Drinking water quality is directly dependent on the health of forests growing on the watershed, according to a paper published in the journal Nature Climate Change.
Staff of the University of Natural Resources Colorado (Colorado School of Mines) concluded that the deterioration of water quality in Colorado and Wyoming (USA) due to loss of forest in the state of the epidemic pests.
After an unusually warm winter, more than four million acres (16,000 square kilometers) of pine forests in these states have been destroyed by pests — beetles beetle (Dendroctonus ponderosae). These parasites are resistant to the pine forests of the toxins present in the resin, which is isolated trees to control pests.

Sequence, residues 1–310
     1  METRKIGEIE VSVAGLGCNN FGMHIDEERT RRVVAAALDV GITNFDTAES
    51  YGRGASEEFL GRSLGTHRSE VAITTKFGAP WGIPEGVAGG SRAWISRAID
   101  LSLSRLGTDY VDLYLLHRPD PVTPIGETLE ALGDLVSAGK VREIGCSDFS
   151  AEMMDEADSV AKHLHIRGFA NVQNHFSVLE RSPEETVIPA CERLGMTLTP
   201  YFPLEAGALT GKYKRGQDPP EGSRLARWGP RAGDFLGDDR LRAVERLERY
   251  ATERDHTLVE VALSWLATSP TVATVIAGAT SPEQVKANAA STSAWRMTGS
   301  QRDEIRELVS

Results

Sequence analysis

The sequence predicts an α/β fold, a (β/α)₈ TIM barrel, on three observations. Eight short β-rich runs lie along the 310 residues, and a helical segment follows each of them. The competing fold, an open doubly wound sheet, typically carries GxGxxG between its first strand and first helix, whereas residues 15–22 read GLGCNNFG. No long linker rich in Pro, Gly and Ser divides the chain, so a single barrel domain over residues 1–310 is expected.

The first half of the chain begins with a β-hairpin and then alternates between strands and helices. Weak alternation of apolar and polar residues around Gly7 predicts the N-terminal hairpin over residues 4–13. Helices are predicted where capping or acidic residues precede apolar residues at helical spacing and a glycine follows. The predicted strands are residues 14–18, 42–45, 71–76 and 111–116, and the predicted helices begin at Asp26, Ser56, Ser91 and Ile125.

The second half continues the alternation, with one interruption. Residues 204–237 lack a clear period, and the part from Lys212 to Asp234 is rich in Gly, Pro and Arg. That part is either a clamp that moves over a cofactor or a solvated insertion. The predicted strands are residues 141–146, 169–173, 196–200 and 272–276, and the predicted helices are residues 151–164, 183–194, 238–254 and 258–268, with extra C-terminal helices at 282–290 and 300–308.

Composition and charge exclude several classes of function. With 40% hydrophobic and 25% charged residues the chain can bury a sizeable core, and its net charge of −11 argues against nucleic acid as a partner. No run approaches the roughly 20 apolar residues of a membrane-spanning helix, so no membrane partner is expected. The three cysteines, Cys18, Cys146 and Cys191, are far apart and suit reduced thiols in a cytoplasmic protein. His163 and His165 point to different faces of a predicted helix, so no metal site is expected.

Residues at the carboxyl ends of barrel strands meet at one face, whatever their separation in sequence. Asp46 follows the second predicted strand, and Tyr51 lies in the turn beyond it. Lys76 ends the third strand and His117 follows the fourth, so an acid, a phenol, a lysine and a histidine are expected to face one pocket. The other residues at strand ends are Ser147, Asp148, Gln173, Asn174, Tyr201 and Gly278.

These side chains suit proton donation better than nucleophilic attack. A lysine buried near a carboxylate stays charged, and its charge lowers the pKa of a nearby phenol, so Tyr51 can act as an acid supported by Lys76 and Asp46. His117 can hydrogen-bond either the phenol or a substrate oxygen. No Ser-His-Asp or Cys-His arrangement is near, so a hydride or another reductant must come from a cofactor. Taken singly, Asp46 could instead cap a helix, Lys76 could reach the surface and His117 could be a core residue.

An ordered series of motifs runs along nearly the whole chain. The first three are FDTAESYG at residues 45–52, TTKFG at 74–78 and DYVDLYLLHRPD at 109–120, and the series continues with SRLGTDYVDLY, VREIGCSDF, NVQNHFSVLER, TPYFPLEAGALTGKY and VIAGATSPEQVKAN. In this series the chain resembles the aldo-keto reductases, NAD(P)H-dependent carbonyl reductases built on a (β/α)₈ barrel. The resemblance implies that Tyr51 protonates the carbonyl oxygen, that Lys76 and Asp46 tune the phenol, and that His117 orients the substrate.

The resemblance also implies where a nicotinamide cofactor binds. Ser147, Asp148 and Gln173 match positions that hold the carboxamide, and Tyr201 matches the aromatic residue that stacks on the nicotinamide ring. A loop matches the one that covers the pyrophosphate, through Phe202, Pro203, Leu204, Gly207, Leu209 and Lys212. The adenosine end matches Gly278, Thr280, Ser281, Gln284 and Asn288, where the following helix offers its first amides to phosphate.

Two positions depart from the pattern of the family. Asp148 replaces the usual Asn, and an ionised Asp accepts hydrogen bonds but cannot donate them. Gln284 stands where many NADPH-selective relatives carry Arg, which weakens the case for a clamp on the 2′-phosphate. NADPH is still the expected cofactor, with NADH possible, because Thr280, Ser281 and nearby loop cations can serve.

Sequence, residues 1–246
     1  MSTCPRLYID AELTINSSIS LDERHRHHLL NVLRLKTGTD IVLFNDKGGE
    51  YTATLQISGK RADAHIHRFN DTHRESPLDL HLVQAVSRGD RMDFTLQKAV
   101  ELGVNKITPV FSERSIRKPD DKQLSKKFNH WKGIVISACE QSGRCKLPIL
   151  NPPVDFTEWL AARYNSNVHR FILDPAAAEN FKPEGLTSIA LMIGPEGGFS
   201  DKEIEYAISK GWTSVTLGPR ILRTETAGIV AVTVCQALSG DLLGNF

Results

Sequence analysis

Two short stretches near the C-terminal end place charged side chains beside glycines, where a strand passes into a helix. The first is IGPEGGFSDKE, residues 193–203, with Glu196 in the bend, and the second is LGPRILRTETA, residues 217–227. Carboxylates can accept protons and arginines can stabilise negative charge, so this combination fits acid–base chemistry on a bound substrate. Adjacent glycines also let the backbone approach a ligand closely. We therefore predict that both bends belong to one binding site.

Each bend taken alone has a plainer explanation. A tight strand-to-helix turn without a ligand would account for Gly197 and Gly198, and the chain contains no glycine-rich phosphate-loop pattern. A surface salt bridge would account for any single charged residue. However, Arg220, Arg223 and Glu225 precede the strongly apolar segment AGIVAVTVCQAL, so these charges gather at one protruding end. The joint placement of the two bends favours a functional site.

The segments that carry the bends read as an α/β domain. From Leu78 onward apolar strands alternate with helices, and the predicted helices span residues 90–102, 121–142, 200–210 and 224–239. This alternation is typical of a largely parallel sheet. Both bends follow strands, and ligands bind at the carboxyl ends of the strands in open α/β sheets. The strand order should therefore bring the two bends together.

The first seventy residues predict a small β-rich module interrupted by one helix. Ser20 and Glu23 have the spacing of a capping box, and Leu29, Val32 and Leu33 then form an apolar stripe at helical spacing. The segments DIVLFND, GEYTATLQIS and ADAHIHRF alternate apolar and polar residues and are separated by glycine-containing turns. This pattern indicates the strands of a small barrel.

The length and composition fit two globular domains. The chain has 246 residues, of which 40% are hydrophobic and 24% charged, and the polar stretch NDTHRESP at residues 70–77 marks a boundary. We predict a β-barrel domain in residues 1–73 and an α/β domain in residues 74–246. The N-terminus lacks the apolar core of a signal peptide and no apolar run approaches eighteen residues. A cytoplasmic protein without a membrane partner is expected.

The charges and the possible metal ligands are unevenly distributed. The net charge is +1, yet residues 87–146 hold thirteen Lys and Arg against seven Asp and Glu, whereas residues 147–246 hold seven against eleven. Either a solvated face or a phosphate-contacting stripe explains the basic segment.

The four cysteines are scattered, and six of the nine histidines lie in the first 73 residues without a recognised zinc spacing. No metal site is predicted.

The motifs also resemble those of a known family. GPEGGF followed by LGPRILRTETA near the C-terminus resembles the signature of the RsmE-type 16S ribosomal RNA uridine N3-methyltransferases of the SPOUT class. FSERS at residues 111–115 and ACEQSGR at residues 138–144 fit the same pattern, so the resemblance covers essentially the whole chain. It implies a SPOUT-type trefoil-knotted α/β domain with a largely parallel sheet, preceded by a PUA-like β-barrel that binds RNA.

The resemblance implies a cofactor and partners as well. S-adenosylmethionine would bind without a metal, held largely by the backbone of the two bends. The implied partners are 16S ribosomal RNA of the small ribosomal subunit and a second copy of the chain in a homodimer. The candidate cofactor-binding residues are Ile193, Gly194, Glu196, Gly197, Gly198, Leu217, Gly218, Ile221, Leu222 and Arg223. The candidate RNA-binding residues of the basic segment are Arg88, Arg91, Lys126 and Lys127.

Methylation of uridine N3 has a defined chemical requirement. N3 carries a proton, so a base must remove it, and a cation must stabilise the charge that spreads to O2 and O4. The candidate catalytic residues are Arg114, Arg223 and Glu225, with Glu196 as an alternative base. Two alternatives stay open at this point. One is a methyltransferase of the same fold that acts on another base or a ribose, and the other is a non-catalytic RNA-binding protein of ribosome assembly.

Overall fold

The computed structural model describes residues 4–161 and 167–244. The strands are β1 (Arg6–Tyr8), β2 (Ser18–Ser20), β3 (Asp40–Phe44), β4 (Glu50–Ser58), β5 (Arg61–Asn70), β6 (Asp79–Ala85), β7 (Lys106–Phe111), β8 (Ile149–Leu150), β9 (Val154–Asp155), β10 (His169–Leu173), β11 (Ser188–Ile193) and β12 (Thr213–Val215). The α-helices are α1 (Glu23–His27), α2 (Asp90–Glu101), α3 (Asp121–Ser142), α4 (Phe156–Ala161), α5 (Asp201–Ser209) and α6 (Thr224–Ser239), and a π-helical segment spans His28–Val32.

The death of the forest, as the authors explain, has led to a change in the groundwater regime. Located close to the surface aquifers, not claimed by root systems of trees can dry out "as unnecessary" — a reference to the well from which no longer take water.
Scientists paid attention to the deterioration of water quality, which has acquired an unpleasant color and odor due to the amount of organic matter that has fallen into aquifers at rotting trees. Organic residues fall into the water with the rains.
Scientists confirmed their findings during field issledovaniyay: selecting a series of samples, they noted the high content of dissolved organic matter in the aquifer in the very areas where forests have died from beetle attack.
Water from these horizons after getting into organics, require more complex and expensive treatment before becoming unfit for consumption.